Moral or Past Consideration
A promise is said to be given for moral or past consideration when the promisor’s motivation for making the promise is a past benefit he received that gave rise to a moral, but not legal, obligation to make compensation. For example:
While walking down the street, Marsha steps into a hole and breaks her leg. Jan sees Marsha fall and rushes to her aid. Jan takes Marsha back to her apartment and nurses her back to health. In a show of gratitude, Marsha promises to pay Jan $5,000 for the care that Jan gave her. In this case, Marsha’s motivation for making this promise is the past benefit that Jan gave to her which gave rise to the moral obligation to compensate Jan.
The traditional rule is that a promise based on moral or past consideration is an unenforceable donative promise. See
However, there are three major exceptions to the traditional rule.
The first exception involves a promise to pay a debt barred by a statute of limitations. A promise to pay a debt barred by the statute of limitations is enforceable even if no new consideration is given. In such cases, the promise is considered a new promise and so only the terms of the new promise are enforceable. For example:
- Thelma owes Louise $1,000 but the statute of limitations has run out on the debt and Louise can no longer sue Thelma for the money. Thelma writes to Louise saying, “I know that I owe you $1,000 and I will pay it.” Thelma’s promise is enforceable
- Thelma owes Louise $1,000 but the statute of limitations has run out on the debt and Louise can no longer sue Thelma for the money. Thelma writes to Louise saying, “I know I owe you $1,000 and I will pay it to you if I win the lottery.” The promise is enforceable. However, Thelma does not need to perform on her promise unless she wins the lottery.
- Thelma owes Louise $1,000 but the statute of limitations has run out on the debt and Louise can no longer sue Thelma for the money. Thelma writes to Louise saying, “I know I owe you $1,000 and I will pay you $800.” This promise is enforceable, but Louise will only be able to recover $800, not the original $1,000.
Most jurisdictions have adopted special provisions that say that in order for a promise to pay a debt barred by the statute of limitations to be enforceable, it needs to be in writing. However, if it is not in writing, it is not enforceable.
The second exception to the rule that a promise based on moral or past consideration is unenforceable is a promise to perform a voidable obligation. This promise is enforceable despite the absence of new consideration so long as the new promise is not subject to the same defense that made the original obligation voidable. For example:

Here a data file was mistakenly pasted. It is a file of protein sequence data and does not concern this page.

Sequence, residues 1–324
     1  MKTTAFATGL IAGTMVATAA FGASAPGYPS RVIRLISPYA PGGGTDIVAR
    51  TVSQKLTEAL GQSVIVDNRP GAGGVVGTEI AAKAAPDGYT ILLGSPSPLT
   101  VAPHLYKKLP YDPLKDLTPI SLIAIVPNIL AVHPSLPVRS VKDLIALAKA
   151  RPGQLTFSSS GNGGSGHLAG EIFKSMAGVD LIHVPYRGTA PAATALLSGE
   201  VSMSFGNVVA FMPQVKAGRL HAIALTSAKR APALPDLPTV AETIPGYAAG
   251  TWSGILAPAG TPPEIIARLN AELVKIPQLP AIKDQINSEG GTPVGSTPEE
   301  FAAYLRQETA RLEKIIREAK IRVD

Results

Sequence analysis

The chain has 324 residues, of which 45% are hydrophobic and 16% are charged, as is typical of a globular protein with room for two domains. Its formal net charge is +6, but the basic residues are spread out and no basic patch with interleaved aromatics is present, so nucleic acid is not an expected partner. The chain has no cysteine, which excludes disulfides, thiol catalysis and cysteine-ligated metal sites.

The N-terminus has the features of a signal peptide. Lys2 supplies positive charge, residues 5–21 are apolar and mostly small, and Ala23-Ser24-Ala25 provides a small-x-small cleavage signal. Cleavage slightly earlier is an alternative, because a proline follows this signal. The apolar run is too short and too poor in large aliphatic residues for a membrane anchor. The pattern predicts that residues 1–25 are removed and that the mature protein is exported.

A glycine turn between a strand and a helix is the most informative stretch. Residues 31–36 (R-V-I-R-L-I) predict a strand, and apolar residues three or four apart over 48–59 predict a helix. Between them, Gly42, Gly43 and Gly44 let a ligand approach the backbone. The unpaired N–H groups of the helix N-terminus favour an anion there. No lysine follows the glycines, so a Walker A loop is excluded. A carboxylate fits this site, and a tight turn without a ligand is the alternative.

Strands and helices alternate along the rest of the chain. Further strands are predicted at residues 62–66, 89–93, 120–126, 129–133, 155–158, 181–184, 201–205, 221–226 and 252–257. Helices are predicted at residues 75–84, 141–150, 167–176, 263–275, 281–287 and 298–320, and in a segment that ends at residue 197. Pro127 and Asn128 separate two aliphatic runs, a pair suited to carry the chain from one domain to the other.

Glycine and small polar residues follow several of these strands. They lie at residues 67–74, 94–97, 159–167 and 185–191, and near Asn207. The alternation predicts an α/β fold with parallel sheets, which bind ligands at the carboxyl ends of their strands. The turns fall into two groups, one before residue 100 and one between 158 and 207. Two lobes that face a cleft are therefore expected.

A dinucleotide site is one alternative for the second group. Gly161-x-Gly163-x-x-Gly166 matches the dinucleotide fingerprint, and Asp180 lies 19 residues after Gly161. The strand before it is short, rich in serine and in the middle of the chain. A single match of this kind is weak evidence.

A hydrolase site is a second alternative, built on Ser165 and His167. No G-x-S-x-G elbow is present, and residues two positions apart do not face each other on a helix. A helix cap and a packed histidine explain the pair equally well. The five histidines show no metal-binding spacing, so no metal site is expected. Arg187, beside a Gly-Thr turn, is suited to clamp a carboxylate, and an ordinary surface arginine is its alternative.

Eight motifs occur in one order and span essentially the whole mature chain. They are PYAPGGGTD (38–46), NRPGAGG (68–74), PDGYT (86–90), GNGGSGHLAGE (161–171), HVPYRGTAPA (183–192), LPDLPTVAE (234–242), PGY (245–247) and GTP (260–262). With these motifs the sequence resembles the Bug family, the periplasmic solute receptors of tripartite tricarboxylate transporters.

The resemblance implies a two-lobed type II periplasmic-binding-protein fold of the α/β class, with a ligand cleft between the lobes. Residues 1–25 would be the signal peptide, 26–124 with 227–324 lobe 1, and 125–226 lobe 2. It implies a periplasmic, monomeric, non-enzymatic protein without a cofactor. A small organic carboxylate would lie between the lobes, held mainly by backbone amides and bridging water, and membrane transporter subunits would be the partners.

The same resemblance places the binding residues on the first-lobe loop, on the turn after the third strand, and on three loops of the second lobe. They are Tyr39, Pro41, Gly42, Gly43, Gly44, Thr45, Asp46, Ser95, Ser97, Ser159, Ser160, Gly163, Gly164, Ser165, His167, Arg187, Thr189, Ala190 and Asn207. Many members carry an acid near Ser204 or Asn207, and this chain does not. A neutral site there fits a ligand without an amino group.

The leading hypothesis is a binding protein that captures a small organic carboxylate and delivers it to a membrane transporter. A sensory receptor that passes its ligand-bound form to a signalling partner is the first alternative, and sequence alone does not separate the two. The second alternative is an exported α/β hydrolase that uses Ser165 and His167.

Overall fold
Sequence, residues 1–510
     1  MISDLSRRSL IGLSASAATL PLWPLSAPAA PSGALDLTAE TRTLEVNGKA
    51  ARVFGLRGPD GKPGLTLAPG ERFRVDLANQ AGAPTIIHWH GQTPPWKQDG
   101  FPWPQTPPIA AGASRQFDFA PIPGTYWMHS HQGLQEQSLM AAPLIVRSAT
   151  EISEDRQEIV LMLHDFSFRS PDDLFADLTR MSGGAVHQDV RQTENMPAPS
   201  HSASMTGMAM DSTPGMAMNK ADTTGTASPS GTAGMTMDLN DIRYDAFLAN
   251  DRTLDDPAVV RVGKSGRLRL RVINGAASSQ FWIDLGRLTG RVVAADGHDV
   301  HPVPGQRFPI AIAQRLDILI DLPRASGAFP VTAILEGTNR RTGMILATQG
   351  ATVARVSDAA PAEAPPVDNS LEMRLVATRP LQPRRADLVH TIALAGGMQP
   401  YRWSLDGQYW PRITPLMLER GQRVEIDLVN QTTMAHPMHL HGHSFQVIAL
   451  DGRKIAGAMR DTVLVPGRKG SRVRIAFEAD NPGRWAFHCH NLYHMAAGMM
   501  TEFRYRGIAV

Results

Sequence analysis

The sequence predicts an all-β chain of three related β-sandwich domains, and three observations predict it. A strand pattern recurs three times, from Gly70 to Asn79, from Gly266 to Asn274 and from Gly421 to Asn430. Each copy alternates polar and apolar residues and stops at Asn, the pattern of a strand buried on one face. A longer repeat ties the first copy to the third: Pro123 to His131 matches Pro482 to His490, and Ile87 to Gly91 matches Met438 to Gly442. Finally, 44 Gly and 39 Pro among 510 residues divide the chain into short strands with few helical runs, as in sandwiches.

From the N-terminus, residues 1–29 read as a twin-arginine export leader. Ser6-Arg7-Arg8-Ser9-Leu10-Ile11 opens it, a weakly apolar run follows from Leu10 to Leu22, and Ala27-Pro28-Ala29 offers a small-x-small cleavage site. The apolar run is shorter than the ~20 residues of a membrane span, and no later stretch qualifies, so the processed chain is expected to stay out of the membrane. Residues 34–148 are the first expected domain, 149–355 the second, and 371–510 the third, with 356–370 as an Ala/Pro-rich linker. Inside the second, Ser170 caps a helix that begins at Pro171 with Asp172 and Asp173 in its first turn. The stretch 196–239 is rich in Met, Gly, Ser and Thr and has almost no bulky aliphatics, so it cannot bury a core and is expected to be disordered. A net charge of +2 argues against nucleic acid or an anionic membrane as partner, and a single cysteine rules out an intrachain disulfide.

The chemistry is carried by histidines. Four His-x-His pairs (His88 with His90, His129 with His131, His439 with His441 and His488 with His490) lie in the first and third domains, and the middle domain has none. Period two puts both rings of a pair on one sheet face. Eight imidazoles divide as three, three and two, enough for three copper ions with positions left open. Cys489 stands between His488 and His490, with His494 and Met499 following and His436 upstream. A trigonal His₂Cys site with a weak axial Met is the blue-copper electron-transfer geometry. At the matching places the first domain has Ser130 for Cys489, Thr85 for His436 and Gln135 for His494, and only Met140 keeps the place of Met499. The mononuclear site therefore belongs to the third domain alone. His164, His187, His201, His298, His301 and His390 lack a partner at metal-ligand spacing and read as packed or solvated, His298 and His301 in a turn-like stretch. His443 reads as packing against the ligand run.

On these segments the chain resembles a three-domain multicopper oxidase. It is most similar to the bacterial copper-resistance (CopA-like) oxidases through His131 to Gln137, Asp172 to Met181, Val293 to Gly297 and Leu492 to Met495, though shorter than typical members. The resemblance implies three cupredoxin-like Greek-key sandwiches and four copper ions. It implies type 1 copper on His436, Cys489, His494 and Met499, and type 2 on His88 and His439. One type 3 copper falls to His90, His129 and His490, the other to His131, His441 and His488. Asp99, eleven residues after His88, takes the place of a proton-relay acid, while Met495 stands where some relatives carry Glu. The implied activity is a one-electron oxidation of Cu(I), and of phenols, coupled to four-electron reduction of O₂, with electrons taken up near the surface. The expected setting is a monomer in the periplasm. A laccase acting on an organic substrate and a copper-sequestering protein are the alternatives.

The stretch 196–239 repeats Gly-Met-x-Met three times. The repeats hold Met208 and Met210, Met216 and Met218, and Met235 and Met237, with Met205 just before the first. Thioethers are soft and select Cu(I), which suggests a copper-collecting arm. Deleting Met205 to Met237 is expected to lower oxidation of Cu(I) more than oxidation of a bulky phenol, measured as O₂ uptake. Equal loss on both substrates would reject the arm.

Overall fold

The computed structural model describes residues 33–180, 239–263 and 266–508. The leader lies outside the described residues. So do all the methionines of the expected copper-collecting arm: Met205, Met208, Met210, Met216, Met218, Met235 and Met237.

Ramon Garcia is a seventeen-year-old baseball phenom. The Boston Red Sox sign Garcia to a multi-year contract. Two weeks after Garcia’s eighteenth birthday, he promises the Red Sox that he will perform the contract. In this situation, the original contract is voidable at Garcia’s discretion because Garcia is still a minor. However, the promise he makes after his eighteenth birthday to honor the contract is enforceable because it is not subject to the same defense that made the original obligation voidable.
The third exception to the rule that promises based on moral or past consideration are unenforceable is promises to pay debts discharged by bankruptcy.
As a matter of contract law, a promise to pay a debt discharged by bankruptcy is enforceable. Such a promise is given the same treatment as a promise to pay a debt that had been barred by the statute of limitations. However, unlike promises to pay debt that have been barred by the statute of limitations, states do not require that a promise to pay debts discharged by bankruptcy be in writing in order to be enforceable. See
The emerging modern rule is that a promise based on moral or past consideration is enforceable, even if it does not fall within one of the three exceptions, so long as the promise is based on a material benefit that was previously conferred by the promisee on the promisor and provided that the benefit gave rise to a moral obligation to make compensation. For example:
Abbot is walking down the street one day when he sees his friend Costello’s house on fire. Abbot runs into the house to save Costello. Abbot succeeds in saving Costello but, in the process, Abbot is seriously burned. Costello promises to pay Abbot a monthly allowance for the rest of Abbot’s life. Costello pays Abbot the allowance for twenty years but, upon Costello’s death, his estate refuses to continue paying Abbot. Under the emerging rule, Costello’s promise is binding because his promise to pay Abbot was based on a material benefit that he got from Abbot. See
Webb v. McGowin, 168 So. 196 (Ala. 1935).
However, even under this modern view, a promise to make compensation for a past benefit will not be enforceable if that benefit was given as a gift because there is no moral obligation to repay the value of a gift. For example:
Preston gives Henry a new car for Henry’s birthday. Later, Henry promises to repay Preston the value of the car. Henry’s promise is unenforceable because the benefit that Preston gave Henry was given as a gift and there is no moral obligation to repay the value of a gift.
Further, even under the modern view, a promise based on a moral obligation will not be enforceable where the promisor himself did not receive a material benefit, even if the promisee incurred expenses. See